This idea popped up in the September issue of Everyday Food magazine: Use salsa as the base for a very fast soup.
1 corn tortilla
1 (16-ounce) jar salsa
1 3/4 cup low-sodium chicken broth
2 tablespoons heavy cream
Coarse salt and freshly ground pepper to taste
Diced avocado and fresh cilantro (optional)
Preheat oven to 400 degrees. Cut tortilla into thin strips, spread on a baking sheet and bake until crisp, about 8 minutes.
Combine salsa and chicken broth in a medium saucepan over medium-high heat. Bring to a boil.
Transfer to a blender with the heavy cream. Blend until smooth. (Be careful and vent the top of the blender so it doesn't splash.) Season to taste with salt and pepper. Divide between two bowls and top with the tortilla strips, avocado and cilantro.
Makes 2 servings. Per serving: 227 calories, 13g fat (5g saturated), 2g protein, 25g carbohydrate, 4g fiber.
Monday, August 29, 2011
This idea popped up in the September issue of Everyday Food magazine: Use salsa as the base for a very fast soup.
Four students at Johnson & Wales University's Charlotte campus will be the focus of "Cooking School Confidential."
The show follows the students through a semester at culinary school.
The students are:
- Amber Brewer, a mother of three with a full-time job;
- Paul Walls, an Army vet who's hoping to win an internship at the Alain Ducasse Culinary School in France;
- Kay Taylor, a 40-something who is chasing her passion for food; and
- Graham Foster, a professional cyclist who is juggling racing and food.
The documentary airs at 8 p.m. Sept. 4 on The Cooking Channel, the Food Network spinoff that airs on 354 on Time Warner Cable.
Friday, August 26, 2011
Tickets go on sale Saturday for a fun food event, the annual Matthews Community Farmers Market Barbecue. The actual barbecue is $5 to 7 p.m. Sept. 27.
The barbecue part is Grateful Growers pork cooked by Alex Ranucci of Ranucci's Big Butt Barbecue. That's served with sides by several Charlotte chefs. $12 gets you barbecue, sides, dessert and a drink; $10 gets you a pound of 'cue. Proceeds go to support the market and its upkeep.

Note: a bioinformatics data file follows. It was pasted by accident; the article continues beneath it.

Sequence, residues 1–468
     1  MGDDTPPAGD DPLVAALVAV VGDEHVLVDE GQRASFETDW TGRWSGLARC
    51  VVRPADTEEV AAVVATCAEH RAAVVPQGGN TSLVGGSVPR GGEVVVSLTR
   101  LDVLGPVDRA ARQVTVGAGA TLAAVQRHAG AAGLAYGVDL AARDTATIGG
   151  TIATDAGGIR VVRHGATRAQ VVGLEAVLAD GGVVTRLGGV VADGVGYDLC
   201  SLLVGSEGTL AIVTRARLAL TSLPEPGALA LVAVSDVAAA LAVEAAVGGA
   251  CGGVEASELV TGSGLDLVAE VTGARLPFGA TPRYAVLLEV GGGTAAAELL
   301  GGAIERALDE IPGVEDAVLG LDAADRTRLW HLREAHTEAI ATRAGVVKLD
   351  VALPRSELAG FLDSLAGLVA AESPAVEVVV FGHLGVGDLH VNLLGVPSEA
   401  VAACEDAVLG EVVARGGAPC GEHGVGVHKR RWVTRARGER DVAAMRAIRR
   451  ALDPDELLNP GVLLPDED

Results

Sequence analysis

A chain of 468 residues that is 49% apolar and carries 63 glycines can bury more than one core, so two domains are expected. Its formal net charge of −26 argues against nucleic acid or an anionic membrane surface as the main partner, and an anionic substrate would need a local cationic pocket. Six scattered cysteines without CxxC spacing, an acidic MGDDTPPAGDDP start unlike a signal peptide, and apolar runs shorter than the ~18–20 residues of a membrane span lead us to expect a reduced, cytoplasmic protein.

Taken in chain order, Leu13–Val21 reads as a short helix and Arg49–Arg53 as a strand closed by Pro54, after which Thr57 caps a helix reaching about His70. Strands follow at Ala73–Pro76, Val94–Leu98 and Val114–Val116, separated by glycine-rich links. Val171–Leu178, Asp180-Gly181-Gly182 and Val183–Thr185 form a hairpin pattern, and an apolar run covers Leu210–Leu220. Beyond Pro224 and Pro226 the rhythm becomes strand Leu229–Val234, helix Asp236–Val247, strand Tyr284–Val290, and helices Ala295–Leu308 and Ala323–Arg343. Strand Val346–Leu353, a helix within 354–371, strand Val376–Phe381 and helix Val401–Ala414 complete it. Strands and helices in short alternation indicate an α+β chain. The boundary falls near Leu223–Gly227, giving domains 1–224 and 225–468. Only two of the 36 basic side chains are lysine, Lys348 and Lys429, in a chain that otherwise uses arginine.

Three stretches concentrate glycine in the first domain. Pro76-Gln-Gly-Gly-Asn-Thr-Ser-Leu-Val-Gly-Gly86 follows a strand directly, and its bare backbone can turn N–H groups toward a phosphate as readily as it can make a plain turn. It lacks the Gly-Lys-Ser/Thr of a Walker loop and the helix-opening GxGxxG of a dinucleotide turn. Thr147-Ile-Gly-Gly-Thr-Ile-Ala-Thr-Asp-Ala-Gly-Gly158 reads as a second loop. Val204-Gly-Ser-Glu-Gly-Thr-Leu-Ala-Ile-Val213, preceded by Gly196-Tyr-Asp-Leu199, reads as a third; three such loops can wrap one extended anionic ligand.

You have to buy tickets in advance. Get them at the market, 188 N. Trade St. in Matthews, during market hours (7:15 a.m.-noon Saturdays) or at Renfrow's Hardware right up the street.
In other Matthews market news: The market hours will be short on Labor Day Saturday, because of the annual Matthews Alive festival. The market will only be open from 7:15 to 9 a.m., and the only parking will be in the open lot behind the market.
Thursday, August 25, 2011
Interesting reading from the New York Times: Former restaurant reviewer (and now op-ed columnist) Frank Bruni joins in on the brouhaha over Tony Bourdain dissing Paula Deen.
Background: In a recent interview, Bourdain - who has been on a tear for the last few months, railing against everything from the James Beard Foundation to newspaper food writers - came out swinging against Paula Deen, calling her "the worst, most dangerous person in America" for the fat level of her food. Deen returned by noting that not everybody can afford the kind of high-art cuisine that Bourdain might prefer we all eat.
Bruni stepped up with some interesting thoughts on the elitist elements in the debate:
"When (Paula) Deen fries a chicken, many of us balk. When the Manhattan chefs David Chang or Andrew Carmellini do, we grovel for reservations and swoon over the homey exhilaration of it all. Her strips of bacon, skirting pancakes, represent heedless gluttony. Chang’s dominoes of pork belly, swaddled in an Asian bun, signify high art."
Want to read the rest? Here's the link.
They're calling it "Earth Day for food." The idea is that on Oct. 24, people all over the country will gather to celebrate their local food systems, wherever they are.
A brainchild of the Center for Science in the Public Interest, Food Day will be celebrated in Mecklenburg County two days earlier, from 9 a.m.-3 p.m. Oct. 22 at Bette Rae Thomas Center, 2921 Tuckaseegee Road. The Charlotte event will include cooking demos with students and staff from Johnson & Wales University, showings and discussions of the films "Food, Inc." (at 10 a.m.) and "Fast Food Nation" (at 1 p.m.), gardening workshops at 10 a.,m. and 1 p.m., fitness workshops, kids' activities, a farm stand (including EBT access) featuring Sow Much Good of Huntersville, and health and wellness vendors.